With Joe and Greg off doing something else, it was time for Brian and I to do peaks they had already done, and the Black Crescents sounded like a fine choice. Heavily logged on the north side, good roads and views promised for an easy and pleasant approach. Sort of. I punched in the coordinates of the road we were to start from and my GPS (nicknamed The Bitch) said we could get there via Ingersol Road. Hmmm, that would eliminate going all the way around through Berlin, but I'd never heard of anyone doing this approach. We discussed, and decided to go for it. No guts, no gifts (there ain't no glory in this).
We arrived at the 115/2 junction and made the turn onto the road. It was a good dirt road to begin with, and getting a little rougher as the first couple of miles ticked off. Unfortunately, the snow started picking up on the road, as did the drainage ditches, so my anxiety level started picking up, especially when I had to slow way down for the ditches, and then was slipping trying to get up a hill after one of them. Ugh. We made it in to the Pond of Safety trail, where the road going forward had deep flooded ruts. No way I was risking getting stuck, and it probably only got worse. Looking back, it's probably just as well, it'd be my luck that there would be a gate on Bog Dam Loop road preventing people from going this way, ha ha.
Soooo, back down the road, and through Berlin, where the Bitch took me up to another interesting route, dead ending at a gate, with what suspiciously looked like a Bayroot road number sign. Dammit! Up to York Pond Road and finally to Bog Dam Loop where we wanted to be. We met a hunter there and had a pleasant chat, informing us his buddies were on the opposite side of the road where we were going. The road was a bit mucky, but pleasant, and we came to a field giving early views of the Weeks range.
We came to the next field, and my memory told me the road continued from the right side of it. We saw a trace of a road, which turned into lots of young growth. In reality, the road was on the left side of the field. Having enough of this, we turned left into sapling woods, which nicely turned into wide open woods after a short bit. This went on for a while as we headed up towards another logging road. I could see the far of logging where we were supposed to be off to my left. I think we took the better choice.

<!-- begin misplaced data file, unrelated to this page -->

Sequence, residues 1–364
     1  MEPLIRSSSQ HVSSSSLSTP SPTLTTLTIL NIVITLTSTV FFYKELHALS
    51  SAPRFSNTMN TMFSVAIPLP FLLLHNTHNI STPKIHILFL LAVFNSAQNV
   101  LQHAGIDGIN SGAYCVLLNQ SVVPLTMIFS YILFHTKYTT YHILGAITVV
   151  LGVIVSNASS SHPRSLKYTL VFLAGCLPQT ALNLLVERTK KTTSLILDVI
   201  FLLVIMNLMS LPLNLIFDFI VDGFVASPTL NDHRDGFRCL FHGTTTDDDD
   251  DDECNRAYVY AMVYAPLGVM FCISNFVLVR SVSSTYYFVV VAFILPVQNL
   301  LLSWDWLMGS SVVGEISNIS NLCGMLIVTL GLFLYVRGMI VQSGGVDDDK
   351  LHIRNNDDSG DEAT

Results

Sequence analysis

After what seemed to be too long, we hit the road, and were a ways off to the right of the ridge I wanted to take up, which also had a road nearly to the top of the north summit. But Brian spied a clear cut to the right, and so I went with the flow and off we went. This worked out pretty well.
That flow thing works well, don't it? It was a bit steep, but the views got better as we got to the ridge, including some goodies up north despite the clouds.
The clear cut lasted up to the ridge top, and we came to the road I had wanted to come up, which looked like a decent enough way, too. Now we had views east.
Sadly, I could see the flipping turbines up on Kelsey now, too. Argh. We could see higher ground in the woods, and after a very short trip, found the summit, in wide open woods.
Well, that was certainly nice. Now to wait for the other shoe to drop. We headed off to the south peak once I got my bearing from the map (90 degrees off of where I thought it would be), and I got a little nervous at seeing a lot of fir branches, but every time we came up to it, it was easily skirted. It was a fast, and open walk over to the summit, complete with National Forest boundary markers and an old can of paint nearby.
We decided to skip climbing back up the north summit despite the good woods, and slabbed around to the west, trying not to drop too far, which would take us a bit away from the clear cuts. This was not the brightest decision, as the woods got a bit thicker, and full of blowdowns on the steep slope. Sigh. We picked our way through it, having to make up elevation from time to time. After some time, we popped out on a cut heading down, then found the road heading back to where we were but opted for a shortest route to Bog Dam Loop Road. The woods were great, and other than avoiding brook beds, had an easy time of it. We found a woods road leading in the right direction, which took us to the road, coming out 1 mile from the car. We could see another vehicle by ours, and then I notices leaves covering my car. It was Greg. We chatted it up, a Forest Service officer stopped and talked for a while, and then we called it a very, very good day.